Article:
Back to real estate. Banks outsource much of the mortgage business to third party brokers for the explicit reason of avoiding charges of discrimination and conflicts of interest. That won’t matter, large banks have the most money and the Eliot Spitzers will find a way to extort it from them. It is a sad reality that having a lot of money, whether as a person or as a business, puts a bull’s eye on your back.
Thursday, August 18, 2005
Remember my post on whacky Asheville?
Read this story about a parent’s visit to the University of North Carolina – Asheville.
It is titled “The University of Copulating Asians” and it is about one professor’s crusade against the discrimination of Asian men in porn films. Our tax dollars hard at work once again. (I will not say “no pun intended” because my mind isn’t even there.)
I promised some rapid examples of Boston economic illiteracy so here they are.
Apparently it is illegal in Massachusetts for the electric company to stop service on delinquent customers between November 15th and March 15th. This is a typical anti-business law that hack politicians pass to “protect” the poor and elderly in those bitter winters. First of all, no one up here has electric heat. Everyone up here has either gas or oil. Electric heat is popular in new construction condos in warmer climates. If someone did have to survive a New England winter on electric heat, they surely would become destitute, for it is the most inefficient and therefore expensive way to keep warm. Ask anyone who has had it.
So I just googled “mass electric stop service november” to verify the exact dates between which the utility companies can't turn off service and I got this truly rich link to Attorney General Tom Reilly. Look at his website advice via this hypothetical question:
Utilities and Phone Service
Q: I’m 65, live by myself, and can’t keep up with my electricity bill. I have electric heat and I’m worried that they will shut off my service. What can I do?
A: In Massachusetts the utility company cannot terminate your service if everyone in the household is over 65. There is also a winter moratorium in place every year from November 15 to March 15. During those months, gas and electric companies cannot shut off your service if you are unable to pay. You may also be eligible for home heating assistance, to help pay your bills. The Attorney General has published a guide to keeping warm this winter with information on this question and referrals for assistance. To request a copy of the brochure, please contact the Office at 617-727-2200, Ext. 5354.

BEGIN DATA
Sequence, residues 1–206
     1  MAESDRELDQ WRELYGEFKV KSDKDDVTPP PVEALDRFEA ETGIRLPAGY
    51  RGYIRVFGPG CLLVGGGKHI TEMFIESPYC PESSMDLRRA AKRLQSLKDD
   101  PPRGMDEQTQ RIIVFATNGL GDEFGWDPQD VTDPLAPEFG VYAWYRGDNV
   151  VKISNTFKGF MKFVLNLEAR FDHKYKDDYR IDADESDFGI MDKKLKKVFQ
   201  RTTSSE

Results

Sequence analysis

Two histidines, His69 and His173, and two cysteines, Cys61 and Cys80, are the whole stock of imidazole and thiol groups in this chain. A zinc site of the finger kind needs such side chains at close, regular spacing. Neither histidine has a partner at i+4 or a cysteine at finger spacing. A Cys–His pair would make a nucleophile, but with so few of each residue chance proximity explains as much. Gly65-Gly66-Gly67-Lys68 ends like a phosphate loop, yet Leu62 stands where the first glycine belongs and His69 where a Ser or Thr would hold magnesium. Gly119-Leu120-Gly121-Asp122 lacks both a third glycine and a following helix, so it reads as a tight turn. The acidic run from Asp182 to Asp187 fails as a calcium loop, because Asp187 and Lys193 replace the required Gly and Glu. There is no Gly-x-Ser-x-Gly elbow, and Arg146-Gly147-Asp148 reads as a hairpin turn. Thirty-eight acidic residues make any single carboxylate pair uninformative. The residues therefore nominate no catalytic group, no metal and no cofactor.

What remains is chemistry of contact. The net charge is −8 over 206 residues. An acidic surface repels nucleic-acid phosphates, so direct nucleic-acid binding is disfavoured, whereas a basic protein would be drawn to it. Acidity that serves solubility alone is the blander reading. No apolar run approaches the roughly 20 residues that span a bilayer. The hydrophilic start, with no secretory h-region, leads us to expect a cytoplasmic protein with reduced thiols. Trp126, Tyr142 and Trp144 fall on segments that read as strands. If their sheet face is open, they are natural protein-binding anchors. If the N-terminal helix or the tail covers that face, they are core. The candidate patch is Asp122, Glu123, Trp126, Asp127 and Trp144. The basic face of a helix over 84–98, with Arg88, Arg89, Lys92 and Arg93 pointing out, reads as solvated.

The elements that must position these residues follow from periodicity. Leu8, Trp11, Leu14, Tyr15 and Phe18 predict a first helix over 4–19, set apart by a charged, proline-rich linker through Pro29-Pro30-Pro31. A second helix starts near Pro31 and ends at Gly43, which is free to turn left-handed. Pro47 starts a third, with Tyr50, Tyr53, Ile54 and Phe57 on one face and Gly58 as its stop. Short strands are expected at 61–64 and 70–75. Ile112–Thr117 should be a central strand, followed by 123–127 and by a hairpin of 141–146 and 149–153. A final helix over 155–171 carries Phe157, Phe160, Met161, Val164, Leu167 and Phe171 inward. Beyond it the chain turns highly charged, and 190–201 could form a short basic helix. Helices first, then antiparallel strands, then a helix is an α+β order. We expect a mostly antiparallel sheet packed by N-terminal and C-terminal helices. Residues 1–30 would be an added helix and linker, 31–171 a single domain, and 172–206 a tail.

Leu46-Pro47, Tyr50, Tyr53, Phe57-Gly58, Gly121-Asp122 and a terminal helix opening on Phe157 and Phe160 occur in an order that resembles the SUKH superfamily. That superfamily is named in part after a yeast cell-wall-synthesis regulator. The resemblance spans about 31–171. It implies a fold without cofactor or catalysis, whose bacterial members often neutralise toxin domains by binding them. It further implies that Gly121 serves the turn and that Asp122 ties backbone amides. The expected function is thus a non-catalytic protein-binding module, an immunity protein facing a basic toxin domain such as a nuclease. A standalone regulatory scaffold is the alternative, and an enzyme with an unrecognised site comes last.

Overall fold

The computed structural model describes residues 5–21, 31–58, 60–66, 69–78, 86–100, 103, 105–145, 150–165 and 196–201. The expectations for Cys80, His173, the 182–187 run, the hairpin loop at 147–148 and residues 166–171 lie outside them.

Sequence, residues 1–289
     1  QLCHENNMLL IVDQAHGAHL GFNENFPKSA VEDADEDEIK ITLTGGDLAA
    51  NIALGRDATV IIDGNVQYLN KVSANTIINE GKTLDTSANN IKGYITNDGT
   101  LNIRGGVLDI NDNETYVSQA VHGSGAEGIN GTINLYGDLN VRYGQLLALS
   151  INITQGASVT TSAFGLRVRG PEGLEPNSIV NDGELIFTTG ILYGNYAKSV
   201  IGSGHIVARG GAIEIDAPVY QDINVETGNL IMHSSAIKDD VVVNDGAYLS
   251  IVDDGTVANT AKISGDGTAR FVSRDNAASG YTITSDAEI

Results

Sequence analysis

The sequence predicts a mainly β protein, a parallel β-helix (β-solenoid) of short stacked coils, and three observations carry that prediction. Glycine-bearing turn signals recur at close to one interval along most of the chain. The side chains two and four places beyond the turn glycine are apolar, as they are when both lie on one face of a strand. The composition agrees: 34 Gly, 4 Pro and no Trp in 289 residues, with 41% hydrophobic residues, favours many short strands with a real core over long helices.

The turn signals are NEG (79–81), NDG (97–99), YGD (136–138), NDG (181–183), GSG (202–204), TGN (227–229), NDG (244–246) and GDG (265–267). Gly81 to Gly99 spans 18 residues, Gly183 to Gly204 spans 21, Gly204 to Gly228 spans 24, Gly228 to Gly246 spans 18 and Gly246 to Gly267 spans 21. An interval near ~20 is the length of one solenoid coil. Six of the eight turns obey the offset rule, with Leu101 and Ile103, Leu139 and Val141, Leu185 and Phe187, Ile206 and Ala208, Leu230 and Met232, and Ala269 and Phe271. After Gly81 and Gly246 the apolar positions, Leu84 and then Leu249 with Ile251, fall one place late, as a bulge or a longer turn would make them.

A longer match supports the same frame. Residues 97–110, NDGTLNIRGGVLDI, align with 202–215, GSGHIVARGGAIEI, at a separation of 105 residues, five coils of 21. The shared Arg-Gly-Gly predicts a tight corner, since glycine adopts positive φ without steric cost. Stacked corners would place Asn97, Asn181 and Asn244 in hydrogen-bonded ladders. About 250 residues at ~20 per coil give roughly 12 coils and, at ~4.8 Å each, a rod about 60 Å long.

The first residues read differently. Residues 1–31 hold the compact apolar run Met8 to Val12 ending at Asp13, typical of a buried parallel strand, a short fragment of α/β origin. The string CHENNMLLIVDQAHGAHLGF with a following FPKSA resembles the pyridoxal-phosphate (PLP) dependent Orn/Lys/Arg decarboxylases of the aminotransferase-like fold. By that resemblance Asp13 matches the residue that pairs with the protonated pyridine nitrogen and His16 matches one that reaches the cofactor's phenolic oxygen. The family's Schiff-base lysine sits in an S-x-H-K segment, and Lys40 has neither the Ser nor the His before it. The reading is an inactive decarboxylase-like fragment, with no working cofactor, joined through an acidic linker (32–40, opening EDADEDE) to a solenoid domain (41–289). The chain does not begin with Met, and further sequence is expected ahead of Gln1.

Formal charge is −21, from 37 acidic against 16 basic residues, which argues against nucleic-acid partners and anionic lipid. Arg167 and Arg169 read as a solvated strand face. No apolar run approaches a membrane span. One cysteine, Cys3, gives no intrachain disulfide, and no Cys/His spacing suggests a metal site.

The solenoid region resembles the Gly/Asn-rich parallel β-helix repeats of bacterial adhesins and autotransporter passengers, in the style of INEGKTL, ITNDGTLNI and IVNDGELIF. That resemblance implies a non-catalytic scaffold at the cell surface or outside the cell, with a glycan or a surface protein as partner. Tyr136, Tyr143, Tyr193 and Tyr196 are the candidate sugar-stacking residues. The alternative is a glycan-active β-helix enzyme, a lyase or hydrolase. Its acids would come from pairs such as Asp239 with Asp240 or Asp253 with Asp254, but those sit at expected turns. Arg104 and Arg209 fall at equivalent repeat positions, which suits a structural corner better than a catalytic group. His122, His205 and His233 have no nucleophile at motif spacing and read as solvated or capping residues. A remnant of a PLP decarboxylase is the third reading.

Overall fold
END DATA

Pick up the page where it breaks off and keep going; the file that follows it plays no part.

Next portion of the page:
If somebody couldn’t pay their electric bill, my first piece of advice would be to cancel that internet service they are using to browse O’Reilly’s website.
Again, virtually no one has electric heat in New England, but this politician is so concerned with his image as the protector of the weak that he has website advice for this exaggerated, if not imaginary demographic.
What is the cost of this symbolic, political, and rhetorical policy?
Well Mass Electric says that 10% of their revenue goes uncollected. That is a very high number and I am sure much of it is related to this stupid policy.
But hey, let everyone in Massachusetts keep voting for these vanguards of the “little guy”, even if it raises every household’s electric bill. I’ll bet there were one or two deaths umpteen years ago that prompted this measure.
Moving on with some more Massachusetts economic illiteracy.
I had some random young lady crash a barbeque at my place. At one point in the evening I heard her say, “……well, he is a capitalist…” in the most pejorative way possible. Of course I had to call her on it and she melted into a silence that more aptly befitted her level of ignorance.
She is a 7 year Phd student at a local state university. What if there were no “capitalists” creating the profits, jobs and incomes whose taxes subsidize her economic welfare, more euphemistically codenamed “academia”?
I have no issue with higher education and those that choose that path. I just hate loud-mouthed idiots who are clueless as to what creates the lifestyles they enjoy. And I especially don’t like them pontificating in my own house.